Freud, S. (1931). Civilization and its discontents.
That the education of young people at the present day conceals from them the part which sexuality will play in their lives is not the only reproach which we are obliged to make against it. Its other sin is that it does not prepare them for the aggressiveness of which they are destined to become the objects. In sending the young out into life with such a false psychological orientation, education is behaving as though one were to equip people starting on a Polar expedition with summer clothing and maps of the Italian Lakes.
(Gay, p. 763, n. 6)
Life, as we find it, is too hard for us; it brings us too many pains, disappointments, and impossible tasks. In order to bear it we cannot dispense with palliative measures. ... There are perhaps three such measures: powerful deflections, which cause us to make light of our misery; substitutive satisfactions, which diminish it; and intoxicating substances, which make us insensitive to it.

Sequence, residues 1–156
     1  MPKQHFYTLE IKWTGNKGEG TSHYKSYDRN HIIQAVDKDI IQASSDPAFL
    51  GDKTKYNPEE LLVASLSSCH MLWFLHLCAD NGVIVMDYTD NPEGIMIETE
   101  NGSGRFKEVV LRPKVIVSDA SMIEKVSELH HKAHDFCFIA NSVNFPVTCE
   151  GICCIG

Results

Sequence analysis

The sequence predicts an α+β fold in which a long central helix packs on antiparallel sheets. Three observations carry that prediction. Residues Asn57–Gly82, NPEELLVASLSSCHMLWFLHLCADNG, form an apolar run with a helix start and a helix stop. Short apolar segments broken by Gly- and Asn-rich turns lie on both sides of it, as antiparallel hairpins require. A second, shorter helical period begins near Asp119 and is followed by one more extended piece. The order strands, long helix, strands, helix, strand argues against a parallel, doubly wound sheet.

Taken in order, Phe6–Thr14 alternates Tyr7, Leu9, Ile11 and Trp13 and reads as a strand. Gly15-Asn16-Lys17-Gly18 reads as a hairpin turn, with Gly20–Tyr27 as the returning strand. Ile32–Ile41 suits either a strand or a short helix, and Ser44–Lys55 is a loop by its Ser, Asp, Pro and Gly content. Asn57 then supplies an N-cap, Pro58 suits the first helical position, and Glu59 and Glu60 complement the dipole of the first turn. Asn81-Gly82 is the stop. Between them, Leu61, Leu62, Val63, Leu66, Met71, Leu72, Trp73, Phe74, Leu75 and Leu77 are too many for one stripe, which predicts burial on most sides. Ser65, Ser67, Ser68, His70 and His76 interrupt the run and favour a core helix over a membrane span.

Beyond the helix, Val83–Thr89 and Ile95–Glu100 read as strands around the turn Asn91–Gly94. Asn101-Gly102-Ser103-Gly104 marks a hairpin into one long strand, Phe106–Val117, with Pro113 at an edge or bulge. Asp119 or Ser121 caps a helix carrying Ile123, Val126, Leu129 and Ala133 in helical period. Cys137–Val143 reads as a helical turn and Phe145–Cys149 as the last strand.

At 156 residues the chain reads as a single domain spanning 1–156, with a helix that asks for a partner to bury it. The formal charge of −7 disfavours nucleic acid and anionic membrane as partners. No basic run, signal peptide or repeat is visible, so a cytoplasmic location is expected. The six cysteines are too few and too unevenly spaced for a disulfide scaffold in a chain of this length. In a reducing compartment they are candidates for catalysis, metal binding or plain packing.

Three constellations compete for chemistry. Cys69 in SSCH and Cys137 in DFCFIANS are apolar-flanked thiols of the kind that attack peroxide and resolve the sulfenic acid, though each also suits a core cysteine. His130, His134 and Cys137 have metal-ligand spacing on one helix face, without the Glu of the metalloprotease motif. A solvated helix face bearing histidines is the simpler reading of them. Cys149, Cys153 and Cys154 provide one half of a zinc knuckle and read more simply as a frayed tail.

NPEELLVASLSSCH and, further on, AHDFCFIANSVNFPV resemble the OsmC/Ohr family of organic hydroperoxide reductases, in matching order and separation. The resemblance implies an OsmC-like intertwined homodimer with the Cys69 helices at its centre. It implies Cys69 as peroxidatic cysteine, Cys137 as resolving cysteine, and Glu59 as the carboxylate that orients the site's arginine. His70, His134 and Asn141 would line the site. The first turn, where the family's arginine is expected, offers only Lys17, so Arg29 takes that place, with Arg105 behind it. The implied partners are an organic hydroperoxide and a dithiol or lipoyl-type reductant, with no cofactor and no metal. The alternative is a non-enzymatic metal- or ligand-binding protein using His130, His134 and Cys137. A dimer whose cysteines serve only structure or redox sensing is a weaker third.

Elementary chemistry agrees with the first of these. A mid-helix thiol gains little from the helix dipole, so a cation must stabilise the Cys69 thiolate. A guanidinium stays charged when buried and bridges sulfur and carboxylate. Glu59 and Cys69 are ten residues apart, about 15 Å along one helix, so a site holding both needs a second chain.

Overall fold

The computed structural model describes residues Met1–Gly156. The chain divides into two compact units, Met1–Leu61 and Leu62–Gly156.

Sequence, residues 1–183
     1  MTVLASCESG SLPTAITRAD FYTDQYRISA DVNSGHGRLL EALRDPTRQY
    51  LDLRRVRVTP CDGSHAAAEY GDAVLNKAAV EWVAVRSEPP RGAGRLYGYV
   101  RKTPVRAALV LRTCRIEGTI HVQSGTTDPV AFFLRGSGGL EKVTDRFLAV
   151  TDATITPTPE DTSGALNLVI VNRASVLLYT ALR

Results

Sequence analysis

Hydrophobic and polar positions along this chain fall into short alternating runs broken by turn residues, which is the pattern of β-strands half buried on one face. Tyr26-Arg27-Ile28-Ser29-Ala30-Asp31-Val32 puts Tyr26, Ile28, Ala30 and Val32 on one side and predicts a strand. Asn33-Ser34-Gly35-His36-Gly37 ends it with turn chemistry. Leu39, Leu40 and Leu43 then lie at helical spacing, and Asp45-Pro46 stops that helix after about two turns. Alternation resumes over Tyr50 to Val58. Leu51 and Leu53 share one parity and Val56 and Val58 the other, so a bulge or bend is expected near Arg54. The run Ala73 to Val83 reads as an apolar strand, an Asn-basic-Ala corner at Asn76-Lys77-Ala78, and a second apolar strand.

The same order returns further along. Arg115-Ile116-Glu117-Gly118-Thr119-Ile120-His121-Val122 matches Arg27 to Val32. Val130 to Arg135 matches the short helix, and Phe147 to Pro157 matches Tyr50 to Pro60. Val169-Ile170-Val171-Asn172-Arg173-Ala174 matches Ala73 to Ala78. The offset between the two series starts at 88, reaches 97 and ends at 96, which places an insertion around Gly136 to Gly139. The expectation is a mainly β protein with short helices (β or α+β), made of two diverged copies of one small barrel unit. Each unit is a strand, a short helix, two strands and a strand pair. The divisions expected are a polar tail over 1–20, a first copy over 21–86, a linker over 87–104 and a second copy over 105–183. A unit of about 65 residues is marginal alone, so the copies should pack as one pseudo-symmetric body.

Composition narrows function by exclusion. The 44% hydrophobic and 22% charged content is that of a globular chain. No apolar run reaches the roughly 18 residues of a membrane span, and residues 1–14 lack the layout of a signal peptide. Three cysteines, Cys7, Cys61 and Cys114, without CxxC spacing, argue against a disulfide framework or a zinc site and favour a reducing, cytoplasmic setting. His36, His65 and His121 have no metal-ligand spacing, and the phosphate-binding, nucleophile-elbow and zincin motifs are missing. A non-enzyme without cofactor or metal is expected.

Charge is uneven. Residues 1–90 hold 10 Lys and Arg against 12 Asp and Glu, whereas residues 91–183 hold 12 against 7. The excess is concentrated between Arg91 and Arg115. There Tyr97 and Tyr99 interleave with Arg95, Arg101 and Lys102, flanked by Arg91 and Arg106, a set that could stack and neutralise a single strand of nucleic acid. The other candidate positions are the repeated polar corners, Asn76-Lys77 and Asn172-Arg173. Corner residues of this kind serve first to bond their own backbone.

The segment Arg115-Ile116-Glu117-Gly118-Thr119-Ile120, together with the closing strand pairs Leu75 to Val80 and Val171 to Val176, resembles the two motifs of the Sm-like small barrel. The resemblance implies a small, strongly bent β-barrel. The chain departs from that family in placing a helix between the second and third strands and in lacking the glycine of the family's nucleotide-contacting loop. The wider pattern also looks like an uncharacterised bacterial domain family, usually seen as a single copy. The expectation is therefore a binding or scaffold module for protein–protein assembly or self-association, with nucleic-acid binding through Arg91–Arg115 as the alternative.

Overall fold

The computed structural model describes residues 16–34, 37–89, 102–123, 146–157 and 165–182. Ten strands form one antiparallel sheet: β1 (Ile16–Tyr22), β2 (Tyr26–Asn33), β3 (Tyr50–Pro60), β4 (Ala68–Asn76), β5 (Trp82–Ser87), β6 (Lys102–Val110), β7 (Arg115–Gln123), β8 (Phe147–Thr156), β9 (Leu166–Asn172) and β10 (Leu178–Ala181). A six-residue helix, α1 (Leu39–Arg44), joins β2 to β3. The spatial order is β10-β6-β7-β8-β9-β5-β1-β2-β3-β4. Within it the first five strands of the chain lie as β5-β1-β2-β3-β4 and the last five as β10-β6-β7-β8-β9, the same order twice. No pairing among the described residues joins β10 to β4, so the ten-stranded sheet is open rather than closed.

(Gay, p. 728)
Man has, as it were, become a kind of prosthetic God. When he puts on all his auxiliary organs he is truly magnificent; but those organs have not grown on to him and they still give him much trouble at times. ... Future ages will bring with them new and possibly unimaginably great advances in this field of civilization and will increase man's likeness to God still more. But in the interests of our present investigation, we will not forget that present-day man does not feel happy in his God-like character.
(Gay, p. 738)